Using 5.10 as a full practice for the Create PT


#1

I’m planning on having students create a video and answer all the Create PT questions for this lesson. Has anyone else done this? Any advice/gotcha’s?

Thanks!


#2

The thing my students are missing is the algorithms part. They have to describe how two or more algorithms go into making a new algorithm. I like the idea of doing this for the ColorSleuth app though since the development process touches on everything that should be included on the Create!

Also, I had students say a function was an abstraction, but I wanted to make sure students focused more on how USING functions was an example of abstraction. If we decided not to define any functions in this code, how would our code be different? That’s the question I wanted them to focus on more.

Good idea!


#3

I deliberately used this lesson as a whole group demo. I even locked the other stages so for one block period everyone worked on this stage. I then had them locate code appropriate for 2C and 2D from the code for a basic version of the full game.

Andrea


#4

@anmrobnott @cmeeks ALSO, now that I have started to grade the practice “Create” tasks, I am noticing that I should have stressed the “create functions” part of 5.10. In students programs, they are having trouble earning “full points” on the algorithms section because they need to talk about 2 or more algorithms used to make another algorithm.

The rubric says that students need to talk about using 2 or more “commonly used or new algorithms”. To me, if students make 2 functions and then use those functions in another algorithm, that would count as “new algorithms” but if students use an “if-then” statement inside an algorithm, can that if-then count as one of their 2 “commonly used” algorithms? I actually reached out to the college board about this and got referred back to the rubric (unhelpful). NOTE: the prompt itself doesn’t say anything about this “2 or more algorithms” business - so, keep that in mind!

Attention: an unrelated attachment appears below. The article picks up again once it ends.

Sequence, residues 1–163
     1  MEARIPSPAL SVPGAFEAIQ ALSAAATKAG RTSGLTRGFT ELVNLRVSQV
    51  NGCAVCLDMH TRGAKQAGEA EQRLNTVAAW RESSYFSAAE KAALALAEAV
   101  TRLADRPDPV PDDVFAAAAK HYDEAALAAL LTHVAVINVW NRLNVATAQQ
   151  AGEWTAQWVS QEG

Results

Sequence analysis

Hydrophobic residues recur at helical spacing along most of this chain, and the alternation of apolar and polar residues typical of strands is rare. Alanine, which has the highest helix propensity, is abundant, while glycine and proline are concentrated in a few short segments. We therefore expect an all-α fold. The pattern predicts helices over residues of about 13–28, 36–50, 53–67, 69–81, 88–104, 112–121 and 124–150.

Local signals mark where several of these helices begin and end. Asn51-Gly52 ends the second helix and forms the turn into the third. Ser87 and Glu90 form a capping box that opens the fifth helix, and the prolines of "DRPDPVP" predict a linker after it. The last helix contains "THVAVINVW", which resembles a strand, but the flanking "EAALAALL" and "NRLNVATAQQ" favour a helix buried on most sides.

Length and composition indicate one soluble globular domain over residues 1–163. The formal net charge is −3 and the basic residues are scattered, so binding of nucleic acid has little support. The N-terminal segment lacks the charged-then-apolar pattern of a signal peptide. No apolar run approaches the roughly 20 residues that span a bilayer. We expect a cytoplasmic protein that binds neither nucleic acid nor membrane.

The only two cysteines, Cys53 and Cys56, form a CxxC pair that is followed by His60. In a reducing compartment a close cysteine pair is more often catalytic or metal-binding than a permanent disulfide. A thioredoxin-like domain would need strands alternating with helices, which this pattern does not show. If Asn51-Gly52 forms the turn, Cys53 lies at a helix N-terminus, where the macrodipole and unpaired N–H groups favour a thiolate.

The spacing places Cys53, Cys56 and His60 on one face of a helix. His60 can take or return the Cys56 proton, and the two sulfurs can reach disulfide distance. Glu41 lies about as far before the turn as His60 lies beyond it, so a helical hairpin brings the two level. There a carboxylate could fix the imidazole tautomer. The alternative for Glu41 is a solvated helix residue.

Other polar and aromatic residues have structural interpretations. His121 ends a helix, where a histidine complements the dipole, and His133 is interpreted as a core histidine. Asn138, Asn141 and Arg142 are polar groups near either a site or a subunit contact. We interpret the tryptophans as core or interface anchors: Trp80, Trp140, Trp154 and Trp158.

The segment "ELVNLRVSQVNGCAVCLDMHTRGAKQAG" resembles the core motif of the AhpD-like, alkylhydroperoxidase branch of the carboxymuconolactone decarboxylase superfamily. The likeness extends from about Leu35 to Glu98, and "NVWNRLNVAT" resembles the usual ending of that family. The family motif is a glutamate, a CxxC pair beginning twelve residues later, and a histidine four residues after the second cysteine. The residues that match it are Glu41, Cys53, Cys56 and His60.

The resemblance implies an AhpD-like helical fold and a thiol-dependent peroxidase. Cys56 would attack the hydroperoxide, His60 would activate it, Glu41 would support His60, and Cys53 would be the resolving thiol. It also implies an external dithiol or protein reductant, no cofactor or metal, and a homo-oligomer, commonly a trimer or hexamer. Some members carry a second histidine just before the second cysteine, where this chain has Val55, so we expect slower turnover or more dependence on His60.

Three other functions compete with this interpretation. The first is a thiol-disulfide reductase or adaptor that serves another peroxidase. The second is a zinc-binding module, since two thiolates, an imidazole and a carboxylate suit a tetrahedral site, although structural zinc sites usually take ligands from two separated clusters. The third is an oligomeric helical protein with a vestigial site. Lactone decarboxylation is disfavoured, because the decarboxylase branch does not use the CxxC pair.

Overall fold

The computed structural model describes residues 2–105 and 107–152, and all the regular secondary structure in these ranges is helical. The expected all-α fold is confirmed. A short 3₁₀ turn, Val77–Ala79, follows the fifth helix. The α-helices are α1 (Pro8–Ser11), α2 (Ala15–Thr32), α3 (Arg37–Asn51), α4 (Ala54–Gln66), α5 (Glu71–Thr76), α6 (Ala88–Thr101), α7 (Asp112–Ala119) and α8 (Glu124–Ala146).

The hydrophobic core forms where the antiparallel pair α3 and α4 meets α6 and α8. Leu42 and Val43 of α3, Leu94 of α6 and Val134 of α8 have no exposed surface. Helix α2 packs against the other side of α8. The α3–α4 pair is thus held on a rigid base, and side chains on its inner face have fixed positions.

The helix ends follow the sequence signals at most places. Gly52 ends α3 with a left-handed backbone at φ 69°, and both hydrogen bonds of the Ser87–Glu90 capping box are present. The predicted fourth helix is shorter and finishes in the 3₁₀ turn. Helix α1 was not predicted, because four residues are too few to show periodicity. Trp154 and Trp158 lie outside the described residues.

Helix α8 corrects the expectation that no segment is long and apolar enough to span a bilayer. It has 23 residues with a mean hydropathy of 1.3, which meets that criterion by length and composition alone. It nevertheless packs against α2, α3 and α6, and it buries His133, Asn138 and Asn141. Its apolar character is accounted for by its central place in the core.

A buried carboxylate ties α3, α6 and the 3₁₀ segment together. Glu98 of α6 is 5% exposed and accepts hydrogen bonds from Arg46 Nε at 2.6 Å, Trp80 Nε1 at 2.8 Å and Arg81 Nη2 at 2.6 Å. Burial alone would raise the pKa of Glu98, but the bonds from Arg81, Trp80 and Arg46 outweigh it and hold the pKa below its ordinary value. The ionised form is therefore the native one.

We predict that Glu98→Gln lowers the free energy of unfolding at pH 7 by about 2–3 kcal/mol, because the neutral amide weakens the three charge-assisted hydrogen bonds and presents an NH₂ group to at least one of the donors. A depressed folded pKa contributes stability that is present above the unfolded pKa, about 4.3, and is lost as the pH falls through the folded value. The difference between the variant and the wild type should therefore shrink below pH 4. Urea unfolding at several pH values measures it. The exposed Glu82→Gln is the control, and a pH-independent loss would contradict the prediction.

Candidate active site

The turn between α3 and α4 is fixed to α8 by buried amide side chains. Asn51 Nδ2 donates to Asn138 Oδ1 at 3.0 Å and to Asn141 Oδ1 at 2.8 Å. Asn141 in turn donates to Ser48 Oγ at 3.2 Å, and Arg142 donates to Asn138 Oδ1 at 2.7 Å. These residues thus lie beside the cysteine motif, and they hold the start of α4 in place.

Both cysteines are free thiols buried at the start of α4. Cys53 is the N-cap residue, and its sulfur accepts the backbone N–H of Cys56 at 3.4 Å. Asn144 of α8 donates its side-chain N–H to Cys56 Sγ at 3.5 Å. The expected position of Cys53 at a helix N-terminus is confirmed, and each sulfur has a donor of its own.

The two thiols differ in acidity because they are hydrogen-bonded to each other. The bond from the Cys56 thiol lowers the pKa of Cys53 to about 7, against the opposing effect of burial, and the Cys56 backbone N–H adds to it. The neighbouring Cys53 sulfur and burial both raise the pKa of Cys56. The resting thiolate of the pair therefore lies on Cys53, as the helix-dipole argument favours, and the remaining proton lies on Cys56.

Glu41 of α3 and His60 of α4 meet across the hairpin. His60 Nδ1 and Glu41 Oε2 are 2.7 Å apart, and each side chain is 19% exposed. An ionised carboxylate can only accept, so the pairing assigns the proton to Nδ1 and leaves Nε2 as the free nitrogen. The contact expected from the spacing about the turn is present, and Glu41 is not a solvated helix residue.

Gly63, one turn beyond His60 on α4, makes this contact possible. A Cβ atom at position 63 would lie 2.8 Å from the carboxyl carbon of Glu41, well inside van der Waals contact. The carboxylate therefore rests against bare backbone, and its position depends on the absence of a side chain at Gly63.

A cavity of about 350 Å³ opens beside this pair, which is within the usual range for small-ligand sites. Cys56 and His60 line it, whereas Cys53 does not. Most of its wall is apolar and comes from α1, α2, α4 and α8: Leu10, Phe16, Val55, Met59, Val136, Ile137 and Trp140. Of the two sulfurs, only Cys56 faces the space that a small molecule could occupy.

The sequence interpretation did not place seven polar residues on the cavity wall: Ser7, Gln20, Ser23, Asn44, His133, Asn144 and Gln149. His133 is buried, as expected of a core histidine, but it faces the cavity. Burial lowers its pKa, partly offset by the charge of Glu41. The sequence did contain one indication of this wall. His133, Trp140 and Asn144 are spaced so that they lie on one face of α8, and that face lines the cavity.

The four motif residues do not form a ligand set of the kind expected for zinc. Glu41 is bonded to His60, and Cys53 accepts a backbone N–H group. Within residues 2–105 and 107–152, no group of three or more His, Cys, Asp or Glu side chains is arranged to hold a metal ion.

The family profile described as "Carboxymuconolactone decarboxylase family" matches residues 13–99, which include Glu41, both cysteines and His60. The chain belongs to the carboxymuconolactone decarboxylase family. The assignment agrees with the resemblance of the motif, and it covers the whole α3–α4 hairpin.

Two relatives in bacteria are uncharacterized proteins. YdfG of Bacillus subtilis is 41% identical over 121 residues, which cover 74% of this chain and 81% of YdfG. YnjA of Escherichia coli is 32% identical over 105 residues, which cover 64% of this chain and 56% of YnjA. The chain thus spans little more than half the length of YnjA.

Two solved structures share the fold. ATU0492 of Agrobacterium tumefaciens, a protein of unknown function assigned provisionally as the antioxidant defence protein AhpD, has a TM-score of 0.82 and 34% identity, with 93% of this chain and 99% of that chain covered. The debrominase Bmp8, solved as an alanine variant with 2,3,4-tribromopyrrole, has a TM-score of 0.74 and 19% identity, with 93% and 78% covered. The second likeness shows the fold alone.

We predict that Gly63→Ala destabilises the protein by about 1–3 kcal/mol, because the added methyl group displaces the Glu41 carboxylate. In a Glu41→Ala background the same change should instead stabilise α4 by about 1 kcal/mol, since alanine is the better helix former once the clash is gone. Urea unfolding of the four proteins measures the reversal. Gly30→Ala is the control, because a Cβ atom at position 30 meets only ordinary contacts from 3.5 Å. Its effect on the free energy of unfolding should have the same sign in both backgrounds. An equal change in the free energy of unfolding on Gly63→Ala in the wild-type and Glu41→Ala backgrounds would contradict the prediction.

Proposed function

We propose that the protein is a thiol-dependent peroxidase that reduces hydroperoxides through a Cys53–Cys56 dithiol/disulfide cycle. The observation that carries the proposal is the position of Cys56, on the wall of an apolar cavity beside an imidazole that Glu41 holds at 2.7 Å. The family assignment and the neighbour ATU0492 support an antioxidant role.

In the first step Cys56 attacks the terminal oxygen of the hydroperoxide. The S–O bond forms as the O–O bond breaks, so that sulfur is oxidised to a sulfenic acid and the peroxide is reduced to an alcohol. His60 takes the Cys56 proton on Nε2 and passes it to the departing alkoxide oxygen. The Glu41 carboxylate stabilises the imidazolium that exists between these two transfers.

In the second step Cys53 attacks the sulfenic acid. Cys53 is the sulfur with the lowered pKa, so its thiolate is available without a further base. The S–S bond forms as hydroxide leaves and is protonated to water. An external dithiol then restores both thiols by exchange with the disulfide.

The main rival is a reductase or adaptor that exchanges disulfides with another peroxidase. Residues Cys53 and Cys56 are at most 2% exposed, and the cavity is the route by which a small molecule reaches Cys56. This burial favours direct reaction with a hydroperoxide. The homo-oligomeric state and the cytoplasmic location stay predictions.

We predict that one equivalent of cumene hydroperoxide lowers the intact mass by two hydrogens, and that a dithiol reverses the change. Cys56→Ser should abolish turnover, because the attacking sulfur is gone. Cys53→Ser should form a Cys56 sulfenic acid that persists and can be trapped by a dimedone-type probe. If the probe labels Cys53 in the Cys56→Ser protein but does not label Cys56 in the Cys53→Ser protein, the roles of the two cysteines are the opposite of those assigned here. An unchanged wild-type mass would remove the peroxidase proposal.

I think the safest way to have students answer this is to very intentionally divide all of their code into mini-algorithms, much like the “draw a digital scene” code they wrote.

Right now I am regretting not stressing that more!


#5

@kaitie_o_bryan @cmeeks

I spent a class period analyzing the Samples. We noticed that Sample B got rated low on 2C based on using a while loop to call a function. The commentary for Sample A was driven credit for the def beasts function which was a series of initializations followed by two calls to other functions. Sample C’s commentary was less clear to us - did it show 2 algorithms but the response was weak? We weren’t sure so we settled on making sure functions were used frequently to streamline code. I will probably make a stronger connection to the code from the Digital Scene Practice PT.

What Does an Algorithm Look like?

Andrea


#6

That’s a great observation @andrea_m_robertson1! I suppose this is a “better safe than sorry” situation here. I am starting to think students might be quite successful on the task if they do another digital scene.